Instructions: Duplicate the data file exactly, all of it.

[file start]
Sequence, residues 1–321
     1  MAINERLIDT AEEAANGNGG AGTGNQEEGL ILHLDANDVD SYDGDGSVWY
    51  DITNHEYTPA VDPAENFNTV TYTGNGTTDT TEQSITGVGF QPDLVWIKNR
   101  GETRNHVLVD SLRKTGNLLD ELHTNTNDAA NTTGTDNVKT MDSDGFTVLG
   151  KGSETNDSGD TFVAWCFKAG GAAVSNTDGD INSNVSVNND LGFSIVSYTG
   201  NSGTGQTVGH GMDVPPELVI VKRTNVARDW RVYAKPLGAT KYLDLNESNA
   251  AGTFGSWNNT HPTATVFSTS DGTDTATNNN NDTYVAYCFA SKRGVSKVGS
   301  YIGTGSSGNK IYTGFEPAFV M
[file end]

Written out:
Sequence, residues 1–321
     1  MAINERLIDT AEEAANGNGG AGTGNQEEGL ILHLDANDVD SYDGDGSVWY
    51  DITNHEYTPA VDPAENFNTV TYTGNGTTDT TEQSITGVGF QPDLVWIKNR
   101  GETRNHVLVD SLRKTGNLLD ELHTNTNDAA NTTGTDNVKT MDSDGFTVLG
   151  KGSETNDSGD TFVAWCFKAG GAAVSNTDGD INSNVSVNND LGFSIVSYTG
   201  NSGTGQTVGH GMDVPPELVI VKRTNVARDW RVYAKPLGAT KYLDLNESNA
   251  AGTFGSWNNT HPTATVFSTS DGTDTATNNN NDTYVAYCFA SKRGVSKVGS
   301  YIGTGSSGNK IYTGFEPAFV M